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The Taiwanese Are Learning How To Borrow


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THE TAIWANESE ARE LEARNING HOW TO BORROW

Carol Chen never thought she'd own a car. Her doubt was understandable, considering that an entry-level auto in Taiwan costs about what she makes per year as an executive secretary, or $15,000. But today Chen is driving around Taipei in her new white Nissan March. Thanks to a financing deal from GE Capital Services and its local partner, Yulon Motor Co., she paid just $114 down and financed the rest.

Chen is one of a growing number of Taiwanese discovering the brave new world of consumer finance. Just a few years ago, the cash-rich Taiwanese almost never used credit and bought insurance mostly as a savings vehicle. Now cultural changes and the government's long-overdue liberalization of Taiwan's capital markets have changed the way people manage their money.

BUYER'S MARKET. The potential has attracted big names in consumer credit, banking, and insurance. Companies such as GE Capital and Ford Credit Co. are chasing the $6 billion car market--some 45% of which is expected to be financed in 1994, up from just 29% in 1992. Similar growth can be seen in life insurance and credit cards. "Everyone is scrambling to beat the competition," says Celia Chang, vice-president for consumer banking at Citibank Taiwan.

The dawn of consumer financing broke in 1992, when the government permitted private local banks to compete with the former state-run monopolies. The newcomers allowed consumers to shop around for the best service, interest rates, and products for the first time. Soon foreign banks will be permitted to open as many as five branches a year on the island--up from the current limit of one a year--creating even more of a buyer's market.

Since credit cards were introduced in Taiwan five years ago, the number of cardholders has shot up to 2.6 million. Annual fees average $45, and interest rates are about 18%, with a government-set limit of 20%. Analysts expect 40% growth in the market this year. Card issuers are fighting for business with discounts, extra services, sweepstakes, and quick application processing.

Wild deals can also be found on the car lots. "With all the competition, we're having to be a lot more creative," asserts Jack Hu, a spokesman for Ford Credit. That means offering low interest rates or zero down. Such deals seem to work. When General Motors Finance offered 0% financing on the $34,000 Buick Regal, GE sold its entire stock of 900 cars in just 60 days.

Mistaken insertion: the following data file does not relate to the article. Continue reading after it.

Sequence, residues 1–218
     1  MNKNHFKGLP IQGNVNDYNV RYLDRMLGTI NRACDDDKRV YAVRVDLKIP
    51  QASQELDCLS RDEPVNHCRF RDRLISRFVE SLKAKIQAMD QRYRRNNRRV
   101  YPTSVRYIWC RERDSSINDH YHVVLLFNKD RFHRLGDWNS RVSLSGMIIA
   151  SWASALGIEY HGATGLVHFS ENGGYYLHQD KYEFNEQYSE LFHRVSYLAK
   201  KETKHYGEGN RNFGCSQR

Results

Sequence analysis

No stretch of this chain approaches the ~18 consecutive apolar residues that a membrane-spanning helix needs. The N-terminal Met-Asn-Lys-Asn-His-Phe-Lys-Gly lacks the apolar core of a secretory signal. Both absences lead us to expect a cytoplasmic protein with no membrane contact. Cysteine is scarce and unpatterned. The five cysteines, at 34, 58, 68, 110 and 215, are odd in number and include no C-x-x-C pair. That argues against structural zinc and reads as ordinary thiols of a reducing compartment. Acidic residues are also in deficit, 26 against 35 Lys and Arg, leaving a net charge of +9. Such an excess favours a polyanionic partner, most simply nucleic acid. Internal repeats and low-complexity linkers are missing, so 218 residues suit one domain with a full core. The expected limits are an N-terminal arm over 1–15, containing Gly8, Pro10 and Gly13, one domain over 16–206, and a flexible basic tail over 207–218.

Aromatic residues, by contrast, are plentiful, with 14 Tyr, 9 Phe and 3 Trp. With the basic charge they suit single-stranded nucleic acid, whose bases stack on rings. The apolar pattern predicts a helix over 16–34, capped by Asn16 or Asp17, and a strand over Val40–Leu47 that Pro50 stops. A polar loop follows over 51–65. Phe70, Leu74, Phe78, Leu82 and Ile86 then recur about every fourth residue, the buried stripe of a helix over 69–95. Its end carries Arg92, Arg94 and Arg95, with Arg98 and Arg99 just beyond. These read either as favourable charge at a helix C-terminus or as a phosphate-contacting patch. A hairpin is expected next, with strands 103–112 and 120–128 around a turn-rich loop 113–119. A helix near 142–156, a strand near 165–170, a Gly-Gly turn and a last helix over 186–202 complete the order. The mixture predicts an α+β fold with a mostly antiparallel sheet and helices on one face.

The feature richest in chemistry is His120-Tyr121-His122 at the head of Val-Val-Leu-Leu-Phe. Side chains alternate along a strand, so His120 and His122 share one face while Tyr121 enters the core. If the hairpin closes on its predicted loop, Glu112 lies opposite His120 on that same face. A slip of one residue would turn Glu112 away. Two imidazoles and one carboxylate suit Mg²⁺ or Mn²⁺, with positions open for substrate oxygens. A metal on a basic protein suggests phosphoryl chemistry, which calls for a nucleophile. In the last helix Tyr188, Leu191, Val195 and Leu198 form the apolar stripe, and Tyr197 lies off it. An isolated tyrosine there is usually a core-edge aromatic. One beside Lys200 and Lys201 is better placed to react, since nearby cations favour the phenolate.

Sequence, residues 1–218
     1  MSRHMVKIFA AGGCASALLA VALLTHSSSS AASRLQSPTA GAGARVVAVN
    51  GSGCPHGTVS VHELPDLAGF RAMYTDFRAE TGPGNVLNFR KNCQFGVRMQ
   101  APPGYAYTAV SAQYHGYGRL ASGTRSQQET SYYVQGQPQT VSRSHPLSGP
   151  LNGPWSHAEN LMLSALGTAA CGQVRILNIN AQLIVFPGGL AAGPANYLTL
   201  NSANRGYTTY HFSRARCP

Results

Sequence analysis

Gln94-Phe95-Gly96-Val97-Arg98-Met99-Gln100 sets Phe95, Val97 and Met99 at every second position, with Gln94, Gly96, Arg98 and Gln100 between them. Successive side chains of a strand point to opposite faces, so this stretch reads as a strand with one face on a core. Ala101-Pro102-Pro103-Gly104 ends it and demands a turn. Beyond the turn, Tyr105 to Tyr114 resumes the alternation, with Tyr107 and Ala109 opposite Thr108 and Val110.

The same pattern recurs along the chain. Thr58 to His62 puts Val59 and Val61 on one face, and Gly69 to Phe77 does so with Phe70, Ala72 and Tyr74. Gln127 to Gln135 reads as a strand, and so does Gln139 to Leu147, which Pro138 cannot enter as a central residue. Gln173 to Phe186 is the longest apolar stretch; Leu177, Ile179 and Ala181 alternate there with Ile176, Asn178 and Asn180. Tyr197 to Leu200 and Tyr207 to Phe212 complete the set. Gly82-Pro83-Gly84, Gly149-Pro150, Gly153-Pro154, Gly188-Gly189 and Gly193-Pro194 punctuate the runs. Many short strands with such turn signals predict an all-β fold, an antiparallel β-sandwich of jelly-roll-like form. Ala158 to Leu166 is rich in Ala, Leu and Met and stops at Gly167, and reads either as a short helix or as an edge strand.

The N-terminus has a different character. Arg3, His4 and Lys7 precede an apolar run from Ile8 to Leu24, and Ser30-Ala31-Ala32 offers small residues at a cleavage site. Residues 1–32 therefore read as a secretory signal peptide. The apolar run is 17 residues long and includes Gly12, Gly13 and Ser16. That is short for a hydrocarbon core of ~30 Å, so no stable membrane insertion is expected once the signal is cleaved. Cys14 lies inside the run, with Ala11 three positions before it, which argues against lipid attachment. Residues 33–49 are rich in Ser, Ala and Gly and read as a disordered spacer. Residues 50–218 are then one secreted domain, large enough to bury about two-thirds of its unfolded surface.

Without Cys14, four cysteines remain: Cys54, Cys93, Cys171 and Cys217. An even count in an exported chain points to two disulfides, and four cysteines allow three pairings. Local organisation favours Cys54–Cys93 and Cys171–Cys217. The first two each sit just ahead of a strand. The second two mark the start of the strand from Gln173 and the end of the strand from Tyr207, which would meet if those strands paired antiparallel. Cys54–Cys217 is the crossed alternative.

Insurers are also crowding into Taiwan. Aetna Life & Casualty was the first foreign company to set up shop, in 1987, following a 30-year government freeze on new licenses. Today there are 26 foreign insurance companies, mostly U.S. subsidiaries. And earlier this year the government invited foreign insurers from other countries. There appears to be room for everybody: Only 47% of Taiwan's population is insured, vs. 155% in the U.S. and 300% in Japan.

A taboo against talking about death made the Taiwanese reluctant to buy life insurance in the past. But as people and businesses become more leveraged, the Taiwanese want financial protection. Plus, as young people abandon the tradition of supporting aging parents, the older generation needs a safety net. "The changes in the social structure are having a huge impact on the insurance industry," says Malcolm Riddell, a Taipei-based investment banker.

Despite the opportunities, experts advise finance companies to be cautious. In insurance, Taiwan's regulations remain antiquated, registration for new products takes months, and the government sets premiums. For consumer-credit providers, there's no way to check applicants' credit history. Social hurdles remain, too. Many Taiwanese avoid debt at all costs, and they're big savers. The savings ratio rose from 26% of personal income in 1988 to nearly 31% last year.

Financial firms aren't worried. "The environment is changing quickly," says Jeff Schofield of GM Taiwan Credit Sales, "especially among the younger Taiwanese, who are becoming more mature investors and are heavily influenced by the West." If Schofield is right, the boom in Taiwan's finance and insurance industry could just be beginning.Margaret Dawson in Taipei


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